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7 “It’s So True” Facts for Foodies

7 “It’s So True” Facts for Foodies

First, the good news. If you are a foodie, you are not elitist, so relax. More good news — you are not a glutton either! So there is nothing wrong with you — you just love food, enjoy cooking, and you know an awful lot about food and nutrition. The bad news is that making good food available to everybody will mean profound changes to the whole food chain, and this is not likely to happen in our lifetime. But we have to start somewhere. Call us the pioneers.

“One cannot think well, love well, sleep well, if one has not dined well.” – Virginia Woolf, A Room Of One’s Own.

Here are 7 facts that will resonate with all my fellow foodies:

1. We are resurrecting traditional ingredients

We know a lot about all those ingredients that have fallen out of fashion, and we take pleasure and pride in sharing them when we cook for friends.

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Look at the celery root, for example. It looks awful — but if you remove the outer layer, you get a delicious combo of tastes, like parsley and celery. It is great for winter dishes. Resurrecting native plants and ingredients such as mesquite-pod flour and prickly pear cactus fruit are two more examples.

2. We are misunderstood by the masses

Yes, you have to grit your teeth and bite your lip when you hear people talking about us as “food snobs.” They think we are flaunting our knowledge of food and delicious undiscovered dishes just to prove that we are superior to everyone else and that we are extremely picky eaters. Now, who says that everyone has to like everything? Can’t wait to sample those halibut cheeks or caviar on scrambled eggs for lunch!

3. We love sharing food

We are food missionaries getting the message out to the masses that sustainability and organic are the keys to paradise. We write blogs and articles which serve as the gospel. We love going out to eat and discovering weird and wonderful dishes such as curried roasted acorn squash or vegan lemon berry ice box tart at new eateries. We are going to convert the masses and benefit all mankind. Tell me, have you met anybody who is not interested in food?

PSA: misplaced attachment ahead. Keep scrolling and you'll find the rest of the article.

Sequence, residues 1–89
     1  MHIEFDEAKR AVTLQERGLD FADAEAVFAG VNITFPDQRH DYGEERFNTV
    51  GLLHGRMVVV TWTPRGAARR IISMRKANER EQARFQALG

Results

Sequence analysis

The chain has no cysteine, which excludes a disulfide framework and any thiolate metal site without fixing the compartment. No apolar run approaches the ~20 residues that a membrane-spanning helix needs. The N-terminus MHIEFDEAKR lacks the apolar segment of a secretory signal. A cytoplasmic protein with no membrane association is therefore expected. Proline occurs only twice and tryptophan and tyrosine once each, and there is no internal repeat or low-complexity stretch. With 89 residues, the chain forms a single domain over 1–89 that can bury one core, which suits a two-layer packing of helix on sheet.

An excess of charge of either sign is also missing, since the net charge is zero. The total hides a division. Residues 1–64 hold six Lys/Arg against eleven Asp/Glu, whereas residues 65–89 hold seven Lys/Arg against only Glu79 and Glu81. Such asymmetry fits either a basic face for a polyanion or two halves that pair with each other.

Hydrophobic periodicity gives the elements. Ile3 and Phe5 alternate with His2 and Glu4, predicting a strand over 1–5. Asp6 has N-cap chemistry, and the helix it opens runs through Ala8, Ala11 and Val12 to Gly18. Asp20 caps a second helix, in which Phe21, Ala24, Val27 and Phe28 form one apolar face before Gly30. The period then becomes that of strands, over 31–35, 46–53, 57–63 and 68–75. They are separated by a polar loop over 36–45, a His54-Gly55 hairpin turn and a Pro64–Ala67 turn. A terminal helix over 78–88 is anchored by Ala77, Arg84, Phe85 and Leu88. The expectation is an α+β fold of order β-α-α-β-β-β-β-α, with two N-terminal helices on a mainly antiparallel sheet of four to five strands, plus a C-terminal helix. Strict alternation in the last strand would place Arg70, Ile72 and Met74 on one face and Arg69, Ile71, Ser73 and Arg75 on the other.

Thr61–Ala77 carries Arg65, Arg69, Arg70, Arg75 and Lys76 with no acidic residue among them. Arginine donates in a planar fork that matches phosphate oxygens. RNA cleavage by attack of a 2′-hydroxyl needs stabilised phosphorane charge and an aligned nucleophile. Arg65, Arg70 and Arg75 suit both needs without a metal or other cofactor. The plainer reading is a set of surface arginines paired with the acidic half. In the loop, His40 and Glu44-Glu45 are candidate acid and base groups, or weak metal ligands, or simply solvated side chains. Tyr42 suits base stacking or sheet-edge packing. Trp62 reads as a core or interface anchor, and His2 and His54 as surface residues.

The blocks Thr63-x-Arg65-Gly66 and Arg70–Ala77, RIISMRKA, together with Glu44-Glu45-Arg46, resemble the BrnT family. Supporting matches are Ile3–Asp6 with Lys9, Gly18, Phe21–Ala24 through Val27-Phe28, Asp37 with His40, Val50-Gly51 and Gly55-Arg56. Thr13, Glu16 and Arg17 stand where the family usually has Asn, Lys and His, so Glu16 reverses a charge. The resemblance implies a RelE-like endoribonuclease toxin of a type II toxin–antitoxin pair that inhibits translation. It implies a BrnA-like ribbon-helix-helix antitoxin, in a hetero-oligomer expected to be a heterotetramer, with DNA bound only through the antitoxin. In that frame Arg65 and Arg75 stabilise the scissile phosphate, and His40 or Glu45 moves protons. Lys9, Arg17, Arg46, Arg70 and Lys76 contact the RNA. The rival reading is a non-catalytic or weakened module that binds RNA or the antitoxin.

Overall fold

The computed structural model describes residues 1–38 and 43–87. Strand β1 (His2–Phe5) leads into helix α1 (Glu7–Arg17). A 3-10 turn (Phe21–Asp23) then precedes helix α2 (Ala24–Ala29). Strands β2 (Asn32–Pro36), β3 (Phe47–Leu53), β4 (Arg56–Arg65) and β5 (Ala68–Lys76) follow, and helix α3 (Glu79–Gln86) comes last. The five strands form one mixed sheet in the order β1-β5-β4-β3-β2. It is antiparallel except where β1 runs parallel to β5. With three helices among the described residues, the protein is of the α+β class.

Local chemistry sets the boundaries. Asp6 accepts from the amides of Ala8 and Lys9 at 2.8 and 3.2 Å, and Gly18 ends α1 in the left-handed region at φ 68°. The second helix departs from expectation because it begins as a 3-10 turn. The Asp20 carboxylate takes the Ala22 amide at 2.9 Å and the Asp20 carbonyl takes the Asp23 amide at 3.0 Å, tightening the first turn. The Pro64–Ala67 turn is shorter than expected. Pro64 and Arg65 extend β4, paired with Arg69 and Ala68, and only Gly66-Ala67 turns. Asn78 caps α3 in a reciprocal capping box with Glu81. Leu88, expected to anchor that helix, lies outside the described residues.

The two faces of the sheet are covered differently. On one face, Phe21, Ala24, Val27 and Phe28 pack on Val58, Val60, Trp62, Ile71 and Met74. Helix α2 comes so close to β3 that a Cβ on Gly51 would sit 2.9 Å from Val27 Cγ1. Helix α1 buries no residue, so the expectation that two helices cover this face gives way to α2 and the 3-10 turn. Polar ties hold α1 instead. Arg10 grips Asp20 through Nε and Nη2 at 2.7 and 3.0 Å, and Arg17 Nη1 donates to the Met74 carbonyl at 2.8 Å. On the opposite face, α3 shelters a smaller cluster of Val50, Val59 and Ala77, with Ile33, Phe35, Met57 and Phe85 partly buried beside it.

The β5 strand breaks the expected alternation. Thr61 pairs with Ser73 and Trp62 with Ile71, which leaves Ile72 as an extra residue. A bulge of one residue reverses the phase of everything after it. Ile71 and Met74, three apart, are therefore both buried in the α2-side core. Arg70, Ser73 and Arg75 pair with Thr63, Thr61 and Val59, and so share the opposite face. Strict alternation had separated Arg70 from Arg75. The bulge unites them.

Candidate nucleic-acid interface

“If more of us valued food and cheer and song above hoarded gold, it would be a merrier world.”- J.R.R.Tolkien

4. We tend to judge people on the food they order

You know the scene. You date someone for the first time and of course, you go out to eat. Of course we will form impressions and judge the new date on what they order!

I know it is harsh but we shudder as they gulp their food without savoring it or letting it rest and linger on their palate. Is waiting just one more second to do this too much for them? You doubt that this relationship will ever take off if he or she does not appreciate their food.

5. We watch food porn

It is all part of our addiction. We love looking at all those delicious recipes prepared with loving hands and presented so beautifully and artistically. Then we take photos of our own food when we are invited out. The addiction takes hold of us as we shop for food and we can’t wait to eat at the next reputable restaurant. We think nothing of travelling 20 miles to find the correct berries for a tart. We dream and fantasize about our passion 24/7.

Instagram is the go to source for our sinful pleasures.

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6. We know our restaurants

Everyone should appreciate how well we know our favorite restaurants at home and abroad. Paris, France is a hot favorite.

Locally, we also have inside information because we know one or even two of the servers and we also know which days they are working. Because we are on the fast track, we can get first choice on dishes that are supposedly sold out. We also know some of the secret dishes that are not even mentioned on the menu.

7. We are experts at meal prepping

You should know by now that we will do everything in our power to avoid those fast food places at lunchtime when we are at work. This means we have to become expert at meal prepping. This is when we do a cook-in so that all our lunches are prepared in advance and it saves us a ton of time and money. We know exactly what we are going to eat every day of the week for lunch! Also, we are experts at using the latest soft-sided containers which are BPA-free and can be stored flat as well.